I arrived in Homer near the end of the Center for Alaskan Coastal Studies second decade — in March 1998, after being hired as the CACS program manager to fill the giant footsteps of Jane Middleton. My desk was piled high with 20-plus school group reservations at the Peterson Bay Field Station from teachers for trips that would begin in mid-April. I was quickly schooled by board members, volunteer educators, and Lisa Ellington, the office manager, in “how we do things.” I was given complete checklists honed over a decade to open up the Field Station building — and the trails — and “what and how we teach.” Time was short to schedule the groups, boat transportation on the Rainbow Connection, and volunteer and seasonal naturalist instructors. I developed hour-by-hour agendas for each group, all based on the timing of the tides, then assembled and staged a mountain of supplies and gear — from water jugs, flashlights, and toilet paper to datasheets and microscopes.
CACS’ second decade was one of expansion, still based mainly on volunteers. Kathy and Roger Herrnsteen, a.k.a. “Mr. and Mrs. Crab,” began leading six-hour Onboard Oceanography programs in 1994, exploring the productivity of the Kachemak Bay for crabs and the cultivation of oysters. Two Nomad Shelter yurts were added at the Field Station, which provided a welcome alternative to sleeping on the floor inside the Field Station (boys downstairs, girls upstairs).
The 126 acres straddling East Skyline Drive donated to CACS in 1991 by the Wynn Foundation became a nature center and preserve following Carl E. Wynn’s wishes. Wynn’s vision for the future of his land was shared by his good friend and neighbor Daisy Lee Bitter, who also saw the opportunity to fulfill a CACS dream of having an educational site on the Homer side of the bay. Daisy Lee joined Toby Tyler, Barb Hill, Joyce Robinette and Dolores Butler on the Wynn Committee.
They oversaw the development of the programming and construction of a parking lot, rustic trail loops, a small cabin, a covered pavilion and a wheelchair-accessible boardwalk on the north side of the road. The Elliott Fischer memorial platform was added after the death of the husband of Carl Wynn’s daughter, Billie Fischer. The 30 acres south of the road remained an undeveloped wildlife preserve.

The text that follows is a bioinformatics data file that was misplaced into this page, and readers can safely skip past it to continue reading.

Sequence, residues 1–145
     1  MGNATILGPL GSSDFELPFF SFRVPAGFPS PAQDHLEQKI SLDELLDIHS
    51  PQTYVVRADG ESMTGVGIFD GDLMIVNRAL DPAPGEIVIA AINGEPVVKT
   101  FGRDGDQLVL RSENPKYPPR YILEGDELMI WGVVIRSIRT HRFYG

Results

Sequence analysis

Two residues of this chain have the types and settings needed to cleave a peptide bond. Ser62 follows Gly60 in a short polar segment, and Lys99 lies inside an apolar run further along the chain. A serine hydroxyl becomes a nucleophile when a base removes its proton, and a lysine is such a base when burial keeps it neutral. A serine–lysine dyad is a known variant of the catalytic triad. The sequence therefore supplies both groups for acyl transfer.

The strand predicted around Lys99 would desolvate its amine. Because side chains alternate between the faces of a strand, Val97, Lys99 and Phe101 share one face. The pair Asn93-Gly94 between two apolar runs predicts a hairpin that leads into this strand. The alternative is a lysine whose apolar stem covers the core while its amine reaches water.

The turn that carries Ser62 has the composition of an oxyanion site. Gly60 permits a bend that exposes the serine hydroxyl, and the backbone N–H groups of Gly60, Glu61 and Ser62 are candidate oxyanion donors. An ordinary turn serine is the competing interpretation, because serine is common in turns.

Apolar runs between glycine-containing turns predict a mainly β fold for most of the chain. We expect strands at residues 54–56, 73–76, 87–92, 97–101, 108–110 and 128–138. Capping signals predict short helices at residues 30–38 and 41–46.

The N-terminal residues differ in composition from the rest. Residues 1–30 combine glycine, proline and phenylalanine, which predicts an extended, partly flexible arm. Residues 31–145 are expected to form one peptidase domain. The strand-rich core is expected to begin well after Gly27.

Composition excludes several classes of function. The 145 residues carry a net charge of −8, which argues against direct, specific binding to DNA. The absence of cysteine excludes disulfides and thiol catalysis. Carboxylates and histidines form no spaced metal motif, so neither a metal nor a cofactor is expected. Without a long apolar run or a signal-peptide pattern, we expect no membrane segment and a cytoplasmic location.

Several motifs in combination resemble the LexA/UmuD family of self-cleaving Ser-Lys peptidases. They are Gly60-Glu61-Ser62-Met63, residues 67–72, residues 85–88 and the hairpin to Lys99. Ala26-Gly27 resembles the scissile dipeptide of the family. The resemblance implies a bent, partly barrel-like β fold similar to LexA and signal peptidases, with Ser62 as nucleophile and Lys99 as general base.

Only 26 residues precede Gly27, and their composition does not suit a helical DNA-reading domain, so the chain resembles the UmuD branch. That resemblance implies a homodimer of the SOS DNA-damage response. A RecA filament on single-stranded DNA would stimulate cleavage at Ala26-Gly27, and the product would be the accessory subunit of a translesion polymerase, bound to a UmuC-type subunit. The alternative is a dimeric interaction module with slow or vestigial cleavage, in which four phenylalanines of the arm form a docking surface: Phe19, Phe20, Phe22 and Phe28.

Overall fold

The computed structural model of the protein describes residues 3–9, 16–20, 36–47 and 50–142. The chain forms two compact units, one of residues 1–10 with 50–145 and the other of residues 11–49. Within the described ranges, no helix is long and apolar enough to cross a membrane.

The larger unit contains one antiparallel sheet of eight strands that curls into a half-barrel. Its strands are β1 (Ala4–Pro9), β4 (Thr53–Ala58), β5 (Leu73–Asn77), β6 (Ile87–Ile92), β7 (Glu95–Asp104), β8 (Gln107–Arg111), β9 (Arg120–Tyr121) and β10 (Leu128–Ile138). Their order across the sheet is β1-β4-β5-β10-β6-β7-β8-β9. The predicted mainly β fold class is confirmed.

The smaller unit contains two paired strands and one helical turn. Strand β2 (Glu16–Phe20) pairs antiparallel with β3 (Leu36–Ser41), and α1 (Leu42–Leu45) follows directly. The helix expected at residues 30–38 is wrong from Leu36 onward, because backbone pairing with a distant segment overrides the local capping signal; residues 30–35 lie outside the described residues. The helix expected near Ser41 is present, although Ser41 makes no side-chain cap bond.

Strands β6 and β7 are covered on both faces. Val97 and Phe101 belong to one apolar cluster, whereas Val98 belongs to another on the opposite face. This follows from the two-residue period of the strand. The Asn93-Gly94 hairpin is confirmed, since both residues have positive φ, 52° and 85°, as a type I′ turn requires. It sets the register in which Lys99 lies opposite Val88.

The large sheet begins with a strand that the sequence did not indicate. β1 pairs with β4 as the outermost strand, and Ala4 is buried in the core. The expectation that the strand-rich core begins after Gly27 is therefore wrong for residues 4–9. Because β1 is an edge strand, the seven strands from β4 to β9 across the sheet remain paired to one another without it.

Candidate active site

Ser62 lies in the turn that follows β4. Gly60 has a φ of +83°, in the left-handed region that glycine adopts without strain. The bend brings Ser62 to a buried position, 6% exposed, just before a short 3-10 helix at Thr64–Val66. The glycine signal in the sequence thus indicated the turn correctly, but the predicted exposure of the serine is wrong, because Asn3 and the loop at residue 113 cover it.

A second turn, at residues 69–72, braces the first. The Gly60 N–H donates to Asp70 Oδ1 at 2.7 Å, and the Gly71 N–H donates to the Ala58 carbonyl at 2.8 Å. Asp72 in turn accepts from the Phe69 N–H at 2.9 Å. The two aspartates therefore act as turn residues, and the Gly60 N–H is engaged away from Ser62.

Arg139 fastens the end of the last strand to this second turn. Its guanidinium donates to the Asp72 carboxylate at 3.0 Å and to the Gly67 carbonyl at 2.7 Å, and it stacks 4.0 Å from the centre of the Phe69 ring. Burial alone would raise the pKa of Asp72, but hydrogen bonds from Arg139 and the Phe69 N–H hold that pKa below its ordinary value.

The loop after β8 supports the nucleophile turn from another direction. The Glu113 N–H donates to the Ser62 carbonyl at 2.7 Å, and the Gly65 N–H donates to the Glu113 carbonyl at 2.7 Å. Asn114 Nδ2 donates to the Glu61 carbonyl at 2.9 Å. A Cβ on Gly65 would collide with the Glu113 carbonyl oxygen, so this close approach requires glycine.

Wynn Nature Center had its grand opening in 1995 and first guided tours. It quickly became the perfect place to get off the road and “smell the roses” on trails winding through the boreal forest and meadows full of wildflowers that changed throughout the summer; to spot a songbird, moose, or porcupine; or to go “leaf-peeping” amid the brilliant golds and deep reds and magenta in the fall. Plants and forest ecology were the main emphasis on the guided tours, drawing on the knowledge of Toby Tyler, Daisy Lee Bitter,and Priscilla Russell, Wynn’s first staff naturalist and scholar of Dena’ina and Alutiiq ethnobotany.
In 1996, CACS held a “mortgage-burning” party for the Field Station. Two years later, the organization had a new mortgage on their headquarters building on Lake Street, thanks to a generous donation for the down-payment by Toby Tyler.
A spruce bark beetle epidemic peaked in the mid-1990s, killing trees on both sides of Kachemak Bay. Maintaining CACS trails required hours of work by volunteer chain-saw brigades to clear or re-route them. But the epidemic also provided “teachable moments” about insect life cycles, decomposition and forest succession.
CACS entered its third decade with year-round programming and staffing by myself as the executive director and two outstanding environmental educators, with the continuing office support of Lisa Ellington. The current CACS Executive Director, Beth Trowbridge, had begun providing winter programs in Homer through Community Schools, and Bree Murphy had become the year-round program coordinator.
CACS will celebrate the opening of a new visitor center for the Wynn Nature Center and the Inspiration Ridge Preserve on June 18. For more information about the history of CACS and the people who make it happen and upcoming 40th Anniversary events and educational programs, see the CACS website: http://akcoastalstudies.org.